What exactly is “High Power Model Rocketry”?

In the broadest of definitions used today, means rockets powered by motors more powerful than “D” type motors. For years, the Estes D12 was the most powerful motor most people could purchase. With the advent of propellants more powerful than black powder, new E, F, and G type motors appeared. We generally use the term “high power model rocketry” to describe E, F, and G powered models weighing less than 3.3 lbs. High power model rockets do not require special licenses or permits to be flown legally. Due to the rise in popularity of H, I and J powered rockets, this class is often referred to as “mid-power rocketry” as well.

How high do they go?

Below is a range of possible altitudes, depending on the motor type used and the lift-off weight of the model:

D12 250’- 1,200’
E15 350’- 2,700’
F30 500’- 3,500’
G50 500’- 4,500’

How fast do they go?

Well designed high power model rockets are capable of speeds in excess of the speed of sound (that is, greater than 600 mph). However, typical flights are in the 200-500 mph range.

How much does it cost?

Surprisingly, high power model rocketry is not that expensive.  Most kits can run between $60 and $120, depending on the complexity of the kit. Launch support equipment can costs about  $100. The biggest cost that jumps out at people is the cost per flight.  The cost per flight can be from $15 to $25 per flight for F to G type motors.  When you compare the power and price to Estes engines, you’ll see that the cost is comparable  (cost per Newton-second of impulse). In terms of delivered power , the high power rocket motors are no more expensive than black powder motors.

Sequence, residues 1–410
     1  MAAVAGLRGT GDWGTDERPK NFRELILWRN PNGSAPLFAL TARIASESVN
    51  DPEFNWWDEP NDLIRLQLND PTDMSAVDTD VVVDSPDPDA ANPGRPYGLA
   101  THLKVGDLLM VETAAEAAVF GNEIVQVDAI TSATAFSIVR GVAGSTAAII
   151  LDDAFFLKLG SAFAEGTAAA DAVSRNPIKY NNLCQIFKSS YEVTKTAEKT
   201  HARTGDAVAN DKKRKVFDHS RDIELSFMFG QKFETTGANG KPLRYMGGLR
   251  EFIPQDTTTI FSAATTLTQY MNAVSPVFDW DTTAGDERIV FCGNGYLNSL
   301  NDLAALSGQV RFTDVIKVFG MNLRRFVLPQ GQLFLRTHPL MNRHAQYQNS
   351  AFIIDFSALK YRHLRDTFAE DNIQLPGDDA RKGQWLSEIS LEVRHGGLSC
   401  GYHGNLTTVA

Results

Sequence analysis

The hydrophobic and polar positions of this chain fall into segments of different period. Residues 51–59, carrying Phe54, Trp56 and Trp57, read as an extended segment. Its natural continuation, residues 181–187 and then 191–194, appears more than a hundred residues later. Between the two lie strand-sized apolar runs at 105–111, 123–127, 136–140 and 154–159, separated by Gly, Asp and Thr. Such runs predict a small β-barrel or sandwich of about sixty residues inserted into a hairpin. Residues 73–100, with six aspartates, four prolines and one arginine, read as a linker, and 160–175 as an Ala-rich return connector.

Are the kits hard to build?

If you have experience building Estes kits, you will find that most high power rocket kits are not difficult to construct. The biggest differences between North Coast Rocketry kits and Estes kits are the materials used. Typical differences are illustrated below:

Component Estes North Coast
Body Tube thin paper tube thick paper tube
Fins balsa plywood
Centering Rings paper plywood
Parachutes plastic nylon cloth
Shock Cord rubber elastic
Shock Cord Mount paper steel cable
Adhesive white glue/CA epoxy

Other than the material differences, the assembly, operation and use of NCR rockets is similar to Estes rockets.

What is a composite rocket motor?

A composite rocket motor is a rocket motor that uses a “composite” propellant, rather than the “black powder” propellant commonly found in Estes engines. Composite motors, as a rule of thumb, are considerably more powerful when the same weight of propellant is used. They use the same technology as modern solid rocket motors.

What is composite propellant?

Composite propellant is an advanced rocket propellant formulation currently used in most solid propulsion rocketry and missile systems today. It is called a composite because it combines a solid fuel with an oxidizer in a rubber binder. This is radically different than black powder, which is a loose powder that is rammed under high pressure to become a solid grain.

How are composite motors different than black powder motors?

Composite motors use a more powerful propellant than black powder. The comparative measure of power is called specific impulse. Composite propellants have a specific impulse nearly three times greater than black powder, ounce for ounce.

How are rocket motors classified?